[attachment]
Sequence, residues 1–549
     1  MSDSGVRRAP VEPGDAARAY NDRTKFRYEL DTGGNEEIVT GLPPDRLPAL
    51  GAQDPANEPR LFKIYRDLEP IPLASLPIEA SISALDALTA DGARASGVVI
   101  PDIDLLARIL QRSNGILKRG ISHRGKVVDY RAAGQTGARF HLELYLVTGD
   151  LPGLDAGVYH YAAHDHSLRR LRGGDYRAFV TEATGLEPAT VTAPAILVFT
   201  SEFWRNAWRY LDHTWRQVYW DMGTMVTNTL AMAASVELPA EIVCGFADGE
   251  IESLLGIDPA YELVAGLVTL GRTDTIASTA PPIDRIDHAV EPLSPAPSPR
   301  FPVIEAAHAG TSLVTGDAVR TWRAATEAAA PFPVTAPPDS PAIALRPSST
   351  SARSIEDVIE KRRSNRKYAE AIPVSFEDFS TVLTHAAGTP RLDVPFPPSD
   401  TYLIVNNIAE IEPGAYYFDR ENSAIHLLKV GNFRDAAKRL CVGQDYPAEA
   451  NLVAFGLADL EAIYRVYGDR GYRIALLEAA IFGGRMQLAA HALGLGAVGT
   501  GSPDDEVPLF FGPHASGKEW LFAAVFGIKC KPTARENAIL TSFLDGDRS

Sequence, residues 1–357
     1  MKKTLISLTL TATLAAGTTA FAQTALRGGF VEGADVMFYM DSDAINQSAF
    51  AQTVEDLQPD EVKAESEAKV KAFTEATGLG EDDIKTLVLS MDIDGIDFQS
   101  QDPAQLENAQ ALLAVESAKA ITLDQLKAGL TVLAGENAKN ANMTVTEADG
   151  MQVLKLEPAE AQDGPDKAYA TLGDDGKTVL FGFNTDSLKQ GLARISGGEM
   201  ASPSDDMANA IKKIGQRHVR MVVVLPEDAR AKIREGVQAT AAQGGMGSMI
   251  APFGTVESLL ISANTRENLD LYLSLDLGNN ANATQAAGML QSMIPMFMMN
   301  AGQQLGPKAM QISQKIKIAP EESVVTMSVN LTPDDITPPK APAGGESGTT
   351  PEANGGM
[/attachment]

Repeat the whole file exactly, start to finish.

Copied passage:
Sequence, residues 1–549
     1  MSDSGVRRAP VEPGDAARAY NDRTKFRYEL DTGGNEEIVT GLPPDRLPAL
    51  GAQDPANEPR LFKIYRDLEP IPLASLPIEA SISALDALTA DGARASGVVI
   101  PDIDLLARIL QRSNGILKRG ISHRGKVVDY RAAGQTGARF HLELYLVTGD
   151  LPGLDAGVYH YAAHDHSLRR LRGGDYRAFV TEATGLEPAT VTAPAILVFT
   201  SEFWRNAWRY LDHTWRQVYW DMGTMVTNTL AMAASVELPA EIVCGFADGE
   251  IESLLGIDPA YELVAGLVTL GRTDTIASTA PPIDRIDHAV EPLSPAPSPR
   301  FPVIEAAHAG TSLVTGDAVR TWRAATEAAA PFPVTAPPDS PAIALRPSST
   351  SARSIEDVIE KRRSNRKYAE AIPVSFEDFS TVLTHAAGTP RLDVPFPPSD
   401  TYLIVNNIAE IEPGAYYFDR ENSAIHLLKV GNFRDAAKRL CVGQDYPAEA
   451  NLVAFGLADL EAIYRVYGDR GYRIALLEAA IFGGRMQLAA HALGLGAVGT
   501  GSPDDEVPLF FGPHASGKEW LFAAVFGIKC KPTARENAIL TSFLDGDRS

Sequence, residues 1–357
     1  MKKTLISLTL TATLAAGTTA FAQTALRGGF VEGADVMFYM DSDAINQSAF
    51  AQTVEDLQPD EVKAESEAKV KAFTEATGLG EDDIKTLVLS MDIDGIDFQS
   101  QDPAQLENAQ ALLAVESAKA ITLDQLKAGL TVLAGENAKN ANMTVTEADG
   151  MQVLKLEPAE AQDGPDKAYA TLGDDGKTVL FGFNTDSLKQ GLARISGGEM
   201  ASPSDDMANA IKKIGQRHVR MVVVLPEDAR AKIREGVQAT AAQGGMGSMI
   251  APFGTVESLL ISANTRENLD LYLSLDLGNN ANATQAAGML QSMIPMFMMN
   301  AGQQLGPKAM QISQKIKIAP EESVVTMSVN LTPDDITPPK APAGGESGTT
   351  PEANGGM